Dayton Agreement

Dayton Peace agreement
General Framework Agreement for Peace in Bosnia and Herzegovina
DaytonAgreement.jpg
Seated from left to right: Slobodan Milošević, Alija Izetbegović, Franjo Tuđman initialling the Dayton Peace Accords at the Wright-Patterson Air Force Base on 21 November 1995.
Drafted10 August 1995 (1995-08-10)
Signed14 December 1995 (1995-12-14)
LocationWright-Patterson Air Force Base, Dayton, Ohio, U.S.
Signatories
Parties
LanguageEnglish

The General Framework Agreement for Peace in Bosnia and Herzegovina, also known as the Dayton Agreement or the Dayton Accords (Serbo-Croatian: Dejtonski mirovni sporazum / Дејтонски мировни споразум), is the peace agreement reached at Wright-Patterson Air Force Base near Dayton, Ohio, United States, on 21 November 1995, and formally signed in Paris, on 14 December 1995. These accords put an end to the three-and-a-half-year-long Bosnian War, one of the Yugoslav Wars.

The warring parties agreed to peace and to a single sovereign state known as Bosnia and Herzegovina composed of two parts, the largely Serb-populated Republika Srpska and mainly Croat-Bosniak-populated Federation of Bosnia and Herzegovina.

The agreement has been criticized for creating ineffective and unwieldy political structures and entrenching the ethnic cleansing of the previous war.[2][3]

  1. ^ "Summary of the Dayton Peace Agreement on Bosnia-Herzegovina". www1.umn.edu. 30 November 1995. Retrieved 16 January 2016.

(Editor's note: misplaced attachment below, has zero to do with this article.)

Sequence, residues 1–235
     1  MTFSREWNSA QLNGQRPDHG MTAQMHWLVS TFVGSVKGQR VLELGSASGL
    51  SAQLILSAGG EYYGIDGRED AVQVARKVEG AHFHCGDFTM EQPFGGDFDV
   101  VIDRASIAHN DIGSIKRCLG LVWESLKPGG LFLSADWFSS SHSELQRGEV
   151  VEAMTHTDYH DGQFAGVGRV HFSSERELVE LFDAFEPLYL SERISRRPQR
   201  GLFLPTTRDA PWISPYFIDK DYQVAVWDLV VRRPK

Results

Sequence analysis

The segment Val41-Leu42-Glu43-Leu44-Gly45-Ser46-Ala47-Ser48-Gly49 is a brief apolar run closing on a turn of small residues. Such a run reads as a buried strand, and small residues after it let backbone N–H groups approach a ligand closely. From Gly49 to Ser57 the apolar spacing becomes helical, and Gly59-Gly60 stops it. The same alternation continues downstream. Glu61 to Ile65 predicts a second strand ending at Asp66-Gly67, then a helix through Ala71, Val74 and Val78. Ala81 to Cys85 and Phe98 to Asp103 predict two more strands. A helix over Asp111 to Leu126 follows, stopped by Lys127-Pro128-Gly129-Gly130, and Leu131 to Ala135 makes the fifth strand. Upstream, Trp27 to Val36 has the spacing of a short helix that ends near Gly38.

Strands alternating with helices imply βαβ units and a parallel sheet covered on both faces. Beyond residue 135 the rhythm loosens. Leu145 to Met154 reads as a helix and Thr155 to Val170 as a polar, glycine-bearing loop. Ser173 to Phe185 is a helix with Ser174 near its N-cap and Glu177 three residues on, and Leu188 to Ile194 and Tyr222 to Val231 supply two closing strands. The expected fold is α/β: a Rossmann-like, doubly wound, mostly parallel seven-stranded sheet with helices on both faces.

2. ^ Levene, Mark (2000). "The Limits of Tolerance: Nation–State Building and What It Means for Minority Groups". Patterns of Prejudice. 34 (2): 19–40. doi:10.1080/00313220008559138. S2CID 144296663. Consider, instead, one contemporary parallel, Bosnia: the degree to which the international community via the Owen-Vance plan, or even the later Dayton accord, actively promoted or endorsed the destruction of a multi-ethnic society; the degree to which it helped to facilitate the creation of a greater Serbia or an enlarged Croatia; the degree to which it was, at the very least, an accessory after the fact to both 'ethnic cleansing' and sub-genocide.
  3. ^ Malik, John (2000). "The Dayton Agreement and Elections in Bosnia: Entrenching Ethnic Cleansing through Democracy". Stanford Journal of International Law. 36: 303.

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